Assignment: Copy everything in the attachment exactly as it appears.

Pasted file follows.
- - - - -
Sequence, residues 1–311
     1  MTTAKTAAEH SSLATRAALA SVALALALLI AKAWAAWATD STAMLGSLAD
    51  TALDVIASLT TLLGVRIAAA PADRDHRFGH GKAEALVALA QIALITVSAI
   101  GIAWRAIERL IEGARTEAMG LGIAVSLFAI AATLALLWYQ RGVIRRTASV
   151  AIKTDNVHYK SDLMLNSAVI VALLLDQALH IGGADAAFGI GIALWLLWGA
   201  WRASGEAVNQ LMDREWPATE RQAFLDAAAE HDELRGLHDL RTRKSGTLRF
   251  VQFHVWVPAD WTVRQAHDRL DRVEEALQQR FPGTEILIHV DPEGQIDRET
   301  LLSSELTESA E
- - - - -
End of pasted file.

Sequence, residues 1–311
     1  MTTAKTAAEH SSLATRAALA SVALALALLI AKAWAAWATD STAMLGSLAD
    51  TALDVIASLT TLLGVRIAAA PADRDHRFGH GKAEALVALA QIALITVSAI
   101  GIAWRAIERL IEGARTEAMG LGIAVSLFAI AATLALLWYQ RGVIRRTASV
   151  AIKTDNVHYK SDLMLNSAVI VALLLDQALH IGGADAAFGI GIALWLLWGA
   201  WRASGEAVNQ LMDREWPATE RQAFLDAAAE HDELRGLHDL RTRKSGTLRF
   251  VQFHVWVPAD WTVRQAHDRL DRVEEALQQR FPGTEILIHV DPEGQIDRET
   301  LLSSELTESA E